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Chemistry Chapter 15 and 16
Terms in this set (33)
Describe the process of solvation.
the process in which the negative and positive ions of an ionic bond are surrounded by the solvent molecules, allowing "like" things to dissolve other "like" things. For example, NaCl is able to be dissolved by H2O because of the polar similarities and a difference in charges.
What is a surfactant?
any substance that interferes with hydrogen bonding between water molecules and thereby reduces surface tension
How does the structure of ice differ from the structure of water?
Ice is a regular open framework of hydrogen-bonded water molecules arranged like a honeycomb. This structure collapses in liquid water
Explain the role of hydrogen bonds in ice.
Hydrogen bonds between water molecules hold the molecules in a regular, open structure
Distinguish between a solution in general and aqueous solution.
An aqueous solution is a solution that has water as the solvent
Identify the solute and solvent in a solution of sugar in water.
Why is water an excellent solvent for most ionic and polar covalent but not for nonpolar covalent compounds?
The polar water molecules electrostatically attract ions and polar covalent molecules. Polar compounds will dissolved but nonpolar compounds are unaffected because they have no charges
Explain why gasoline does not dissolve in water.
Water is polar and gasoline is nonpolar
What particles must be present in a solution if it is to conduct electricity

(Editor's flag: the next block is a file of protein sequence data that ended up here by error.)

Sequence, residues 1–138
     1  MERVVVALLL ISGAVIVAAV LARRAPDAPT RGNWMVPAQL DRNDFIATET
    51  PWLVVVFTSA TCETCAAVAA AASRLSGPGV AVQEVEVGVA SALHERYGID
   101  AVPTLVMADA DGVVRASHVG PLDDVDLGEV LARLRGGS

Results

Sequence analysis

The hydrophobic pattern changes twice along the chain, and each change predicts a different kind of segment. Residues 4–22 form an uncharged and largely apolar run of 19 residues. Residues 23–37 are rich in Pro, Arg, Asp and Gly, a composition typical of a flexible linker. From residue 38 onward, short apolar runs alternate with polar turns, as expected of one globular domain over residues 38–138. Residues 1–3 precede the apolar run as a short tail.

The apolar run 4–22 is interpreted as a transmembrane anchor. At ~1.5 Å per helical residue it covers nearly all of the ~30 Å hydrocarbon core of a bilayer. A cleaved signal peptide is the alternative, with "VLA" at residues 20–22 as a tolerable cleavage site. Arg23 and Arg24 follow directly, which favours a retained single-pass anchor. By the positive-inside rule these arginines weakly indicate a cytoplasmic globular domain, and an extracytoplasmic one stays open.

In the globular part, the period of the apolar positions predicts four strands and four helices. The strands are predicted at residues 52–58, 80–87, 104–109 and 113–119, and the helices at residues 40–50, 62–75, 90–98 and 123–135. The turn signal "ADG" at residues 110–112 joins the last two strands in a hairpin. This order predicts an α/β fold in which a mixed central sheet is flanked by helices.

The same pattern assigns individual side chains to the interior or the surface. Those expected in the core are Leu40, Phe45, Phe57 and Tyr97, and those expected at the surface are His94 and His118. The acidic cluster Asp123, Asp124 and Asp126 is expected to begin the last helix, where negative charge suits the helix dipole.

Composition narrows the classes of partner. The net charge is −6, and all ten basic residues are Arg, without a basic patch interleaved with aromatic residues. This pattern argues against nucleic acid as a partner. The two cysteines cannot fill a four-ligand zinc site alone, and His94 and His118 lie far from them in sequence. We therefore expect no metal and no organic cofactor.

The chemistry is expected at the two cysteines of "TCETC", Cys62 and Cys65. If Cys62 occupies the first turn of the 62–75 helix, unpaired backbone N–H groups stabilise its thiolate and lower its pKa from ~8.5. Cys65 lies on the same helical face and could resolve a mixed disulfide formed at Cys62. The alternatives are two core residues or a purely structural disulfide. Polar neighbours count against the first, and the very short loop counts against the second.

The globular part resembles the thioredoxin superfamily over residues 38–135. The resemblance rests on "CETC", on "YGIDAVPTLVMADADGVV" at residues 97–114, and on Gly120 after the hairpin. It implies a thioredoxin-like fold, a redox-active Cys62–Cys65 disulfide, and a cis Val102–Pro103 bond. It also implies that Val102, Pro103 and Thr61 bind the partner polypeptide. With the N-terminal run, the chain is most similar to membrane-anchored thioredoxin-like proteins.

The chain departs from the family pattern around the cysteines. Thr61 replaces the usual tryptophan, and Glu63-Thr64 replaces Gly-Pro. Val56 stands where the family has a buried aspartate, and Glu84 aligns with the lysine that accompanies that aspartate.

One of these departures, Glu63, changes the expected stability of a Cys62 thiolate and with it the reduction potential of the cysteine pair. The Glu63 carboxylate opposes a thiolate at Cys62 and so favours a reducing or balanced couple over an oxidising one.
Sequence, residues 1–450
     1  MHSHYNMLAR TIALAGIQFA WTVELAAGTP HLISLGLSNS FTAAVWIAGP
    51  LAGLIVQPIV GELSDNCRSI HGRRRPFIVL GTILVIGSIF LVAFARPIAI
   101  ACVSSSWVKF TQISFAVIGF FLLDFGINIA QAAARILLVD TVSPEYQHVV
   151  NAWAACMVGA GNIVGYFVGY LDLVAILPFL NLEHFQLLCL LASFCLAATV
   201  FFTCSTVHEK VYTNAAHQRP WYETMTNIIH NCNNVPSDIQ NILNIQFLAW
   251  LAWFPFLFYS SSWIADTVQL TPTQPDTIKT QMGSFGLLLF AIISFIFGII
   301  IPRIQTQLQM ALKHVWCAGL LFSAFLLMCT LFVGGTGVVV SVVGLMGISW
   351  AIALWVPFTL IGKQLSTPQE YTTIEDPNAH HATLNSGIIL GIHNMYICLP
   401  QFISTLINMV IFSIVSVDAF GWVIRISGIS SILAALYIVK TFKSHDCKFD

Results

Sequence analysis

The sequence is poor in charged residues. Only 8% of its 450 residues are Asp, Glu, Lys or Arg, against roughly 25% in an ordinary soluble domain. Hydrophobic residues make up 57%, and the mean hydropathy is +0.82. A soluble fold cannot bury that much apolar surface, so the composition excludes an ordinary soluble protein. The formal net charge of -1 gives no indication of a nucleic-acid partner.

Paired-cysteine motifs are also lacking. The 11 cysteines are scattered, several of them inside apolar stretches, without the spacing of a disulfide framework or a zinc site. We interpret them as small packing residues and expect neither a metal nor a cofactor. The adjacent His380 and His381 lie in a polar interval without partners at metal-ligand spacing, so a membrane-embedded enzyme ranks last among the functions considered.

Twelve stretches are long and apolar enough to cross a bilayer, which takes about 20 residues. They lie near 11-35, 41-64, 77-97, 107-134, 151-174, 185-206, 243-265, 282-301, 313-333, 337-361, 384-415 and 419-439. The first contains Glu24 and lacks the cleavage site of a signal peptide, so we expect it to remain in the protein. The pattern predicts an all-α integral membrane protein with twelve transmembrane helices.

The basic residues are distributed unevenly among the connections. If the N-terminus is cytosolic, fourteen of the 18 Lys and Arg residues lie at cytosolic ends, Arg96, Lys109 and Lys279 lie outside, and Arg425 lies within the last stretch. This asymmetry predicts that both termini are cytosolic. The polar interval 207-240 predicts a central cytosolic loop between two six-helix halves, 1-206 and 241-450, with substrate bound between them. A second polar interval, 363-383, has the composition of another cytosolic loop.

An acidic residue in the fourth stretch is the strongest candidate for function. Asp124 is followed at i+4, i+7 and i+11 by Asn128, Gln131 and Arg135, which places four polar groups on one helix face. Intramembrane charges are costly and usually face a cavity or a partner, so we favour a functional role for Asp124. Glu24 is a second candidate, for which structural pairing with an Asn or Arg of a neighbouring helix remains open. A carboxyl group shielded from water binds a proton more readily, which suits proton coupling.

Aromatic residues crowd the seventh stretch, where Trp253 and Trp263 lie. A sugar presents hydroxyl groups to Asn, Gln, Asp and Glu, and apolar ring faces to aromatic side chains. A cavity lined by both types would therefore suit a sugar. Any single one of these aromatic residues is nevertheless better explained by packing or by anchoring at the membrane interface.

Why does molten sodium chloride conduct electricity?
its ions are free to move toward an electrode
What is a weak electrolyte and a strong electrolyte.
Most substances are strong electrolytes which are substances that exist almost completely as ions in solutions; nearly all soluble ionic compounds are strong electrolytes. Weak electrolytes are compounds that only partially ionize in solution.
water of hydration
molecules that are an integral part of a crystal structure
How can you distinguish between a suspension and a solution?
A suspension has large particles that settle to the bottom. The particles in a solution stay suspended
Arrange colloids, suspensions, and solutions in order of increasing sizes.
Why don't solutions demonstrate the Tyndall effect?
Because the molecules or ions are too small to have reflective surfaces
What are two circumstances that help keep colloidal particles in suspension?
Brownian motion and repulsion between like-charged ions absorbed on the surfaces of colloidal particles
How can a colloid be destroyed?
by adding ions with a charge opposite that of the colloidal particles
a solution in which water is the solvent
The chaotic movement of colloidal particles, caused by collision with particles of the solvent in which they are dispersed
a mixture in which the particles are dispersed throughout but are not heavy enough to settle out
A substance that dissolves in water to give a solution that conducts electric current
(chemistry) a colloid in which both phases are liquids
any compound that contains water of crystallization
A substance that dissolves in water to give a solution that does not conduct an electric current
Substance that is dissolved in a solvent to make a solution
the process by which the positive and negative ions of an ionic solid become surrounded by solvent molecules
a liquid substance capable of dissolving other substances
any substance that interferes with the hydrogen bonding between water molecules and thereby reduces surface tension
any compound whose dilute aqueous solutions conduct electricity well; this is due to the presence of all or almost all of the dissolved compound in the form of ions
a mixture in which fine particles are suspended in a fluid where they are supported by buoyancy
the tightness across the surface of water that is caused by the polar molecules pulling on one another
the phenomenon in which light is scattered by very small particles in its path
any compound whose dilute aqueous solutions conduct electricity poorly; this is due to the presence of a small amount of the dissolved compound in the form of ions
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